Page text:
"Although all the PDs here in Ecuador love the hour and a half spent daily working with the local kids in our Apoyo Escolar class (except when they have math homework...yeah, I might need to review fractions…), 4 PM still brings a small sense of relief. All the kids in the class are great, but seem to have a wee bit more energy than all of us…put together. Today, however, the chicos didn’t all magically disappear when class ended at 4. Instead, we had an hour to set up before the families arrived for our 'fiesta familiar', while also dealing with the craziness that is 7 – 12 year olds. “Jonathan, stop bouncing the ball against the windows”, “Jorge, don’t put your finger in the projector”, "Dilon, get your hands out of the fruit salad,” are just a few sample phrases from that hour of “set-up.”
When the families finally arrived however, everything did become a little more tranquilo. The children were suddenly better behaved (surprise, surprise) as soon as their parents walked in the door. The food (thanks Holly) was served, families were seated, and a quick game of chess between the combo teams of Dana-Carmen and Santiago-me was played (I blame Santiago for our loss).
Once everyone finally settled in, team Ecuador took the stage as we all introduced ourselves to the parents. Seth then gave a very rousing speech discussing our goals and methods of Apoyo Escolar, after which Marco expounded more on our organization in general. Finally, our friend Fabián Gualotuña, director of the local financial cooperative, talked briefly to the parents, expressing his desire to put a portion of their monthly class dues into an account at the co-op to encourage savings.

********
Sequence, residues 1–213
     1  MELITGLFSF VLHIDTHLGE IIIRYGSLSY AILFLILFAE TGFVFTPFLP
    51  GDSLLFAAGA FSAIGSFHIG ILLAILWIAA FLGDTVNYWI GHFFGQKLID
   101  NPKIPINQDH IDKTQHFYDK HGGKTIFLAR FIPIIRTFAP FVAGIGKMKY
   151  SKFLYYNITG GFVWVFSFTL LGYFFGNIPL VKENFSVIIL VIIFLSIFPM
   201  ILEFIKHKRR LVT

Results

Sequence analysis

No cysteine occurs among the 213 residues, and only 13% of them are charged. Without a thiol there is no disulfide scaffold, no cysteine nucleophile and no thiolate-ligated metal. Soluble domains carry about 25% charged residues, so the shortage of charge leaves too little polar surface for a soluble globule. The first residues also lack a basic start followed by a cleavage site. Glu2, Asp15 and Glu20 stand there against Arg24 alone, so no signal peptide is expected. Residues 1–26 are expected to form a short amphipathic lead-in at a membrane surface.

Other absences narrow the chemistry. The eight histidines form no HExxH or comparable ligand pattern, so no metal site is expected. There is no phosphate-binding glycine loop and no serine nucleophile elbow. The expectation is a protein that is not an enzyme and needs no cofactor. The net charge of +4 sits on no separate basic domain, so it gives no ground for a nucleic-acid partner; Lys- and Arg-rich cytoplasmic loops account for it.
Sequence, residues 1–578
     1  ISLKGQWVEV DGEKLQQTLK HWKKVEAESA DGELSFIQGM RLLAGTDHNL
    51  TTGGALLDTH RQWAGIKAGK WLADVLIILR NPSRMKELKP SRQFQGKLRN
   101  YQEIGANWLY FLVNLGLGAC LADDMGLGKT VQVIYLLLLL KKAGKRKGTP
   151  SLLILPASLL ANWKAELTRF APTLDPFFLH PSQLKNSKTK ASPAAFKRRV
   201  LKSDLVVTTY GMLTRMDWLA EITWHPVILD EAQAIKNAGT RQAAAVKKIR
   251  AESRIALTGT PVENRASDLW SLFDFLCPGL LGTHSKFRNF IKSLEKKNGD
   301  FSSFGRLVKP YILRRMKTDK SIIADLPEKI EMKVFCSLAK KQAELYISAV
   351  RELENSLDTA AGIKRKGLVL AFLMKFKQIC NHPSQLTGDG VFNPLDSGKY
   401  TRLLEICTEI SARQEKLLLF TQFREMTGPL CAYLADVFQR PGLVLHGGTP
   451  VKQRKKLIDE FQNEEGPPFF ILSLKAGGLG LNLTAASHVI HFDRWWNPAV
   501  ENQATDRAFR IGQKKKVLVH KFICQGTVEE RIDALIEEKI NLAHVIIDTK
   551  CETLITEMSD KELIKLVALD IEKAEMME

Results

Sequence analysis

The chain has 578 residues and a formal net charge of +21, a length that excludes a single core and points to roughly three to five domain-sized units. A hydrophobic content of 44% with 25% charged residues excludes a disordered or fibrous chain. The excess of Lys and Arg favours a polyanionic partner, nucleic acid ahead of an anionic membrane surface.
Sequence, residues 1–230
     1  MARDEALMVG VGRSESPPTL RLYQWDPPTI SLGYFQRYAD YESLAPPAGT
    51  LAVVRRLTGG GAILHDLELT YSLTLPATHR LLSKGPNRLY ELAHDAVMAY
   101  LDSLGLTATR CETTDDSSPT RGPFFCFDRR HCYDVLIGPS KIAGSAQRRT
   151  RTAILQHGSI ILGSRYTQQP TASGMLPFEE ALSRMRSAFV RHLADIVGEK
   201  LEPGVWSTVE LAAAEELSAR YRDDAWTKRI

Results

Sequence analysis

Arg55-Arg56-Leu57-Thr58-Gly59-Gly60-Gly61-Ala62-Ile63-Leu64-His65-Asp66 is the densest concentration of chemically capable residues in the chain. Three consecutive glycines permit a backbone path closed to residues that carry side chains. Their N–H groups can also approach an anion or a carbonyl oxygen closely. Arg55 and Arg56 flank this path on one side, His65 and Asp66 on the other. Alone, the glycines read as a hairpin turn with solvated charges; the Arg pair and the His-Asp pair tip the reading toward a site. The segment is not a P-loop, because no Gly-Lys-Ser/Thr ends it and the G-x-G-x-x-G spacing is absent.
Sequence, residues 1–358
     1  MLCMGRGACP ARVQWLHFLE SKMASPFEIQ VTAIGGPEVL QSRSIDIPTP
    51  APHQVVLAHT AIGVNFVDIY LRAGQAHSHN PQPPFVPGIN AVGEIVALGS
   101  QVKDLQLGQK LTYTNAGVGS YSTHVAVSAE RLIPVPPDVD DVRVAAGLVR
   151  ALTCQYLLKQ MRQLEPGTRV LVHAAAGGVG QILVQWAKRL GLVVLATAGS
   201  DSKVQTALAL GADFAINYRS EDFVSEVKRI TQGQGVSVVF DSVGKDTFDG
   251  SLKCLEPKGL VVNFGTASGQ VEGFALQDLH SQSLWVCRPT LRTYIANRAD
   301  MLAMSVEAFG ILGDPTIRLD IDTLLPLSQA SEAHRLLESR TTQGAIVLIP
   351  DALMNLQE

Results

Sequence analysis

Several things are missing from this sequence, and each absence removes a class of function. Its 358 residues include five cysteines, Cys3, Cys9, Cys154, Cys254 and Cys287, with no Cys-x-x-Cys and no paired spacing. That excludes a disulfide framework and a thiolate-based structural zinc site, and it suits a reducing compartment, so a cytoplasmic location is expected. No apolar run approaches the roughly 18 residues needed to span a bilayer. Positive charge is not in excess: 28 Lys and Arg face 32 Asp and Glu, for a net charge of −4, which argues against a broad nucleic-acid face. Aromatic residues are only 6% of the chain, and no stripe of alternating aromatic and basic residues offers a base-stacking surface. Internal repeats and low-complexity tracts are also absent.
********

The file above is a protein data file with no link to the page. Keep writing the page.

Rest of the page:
After spending the past 3 months with all their kids, it was great to finally meet the parents and see their nodding approval as we explained what it was we actually did with their kids everyday. The evening was capped off by the laughter that rang through the Casa Barrial as we ran a slide show of mostly ridiculous pictures of the kids taken by Holly, our (semi)-official MPI Ecuador photographer. Thus, we said good-bye to families, packed up everything, and began the trek home. As I write this entry, we are all finally home in the Manna abode, tired from a long day. Jocelyn’s baking a cake, the guys are contemplating playing Risk, and it is rainy. Sounds like a pretty typical evening in Conocoto.
(Mafe and Cesibel help paint the "Welcome, Families!" sign for the front door)
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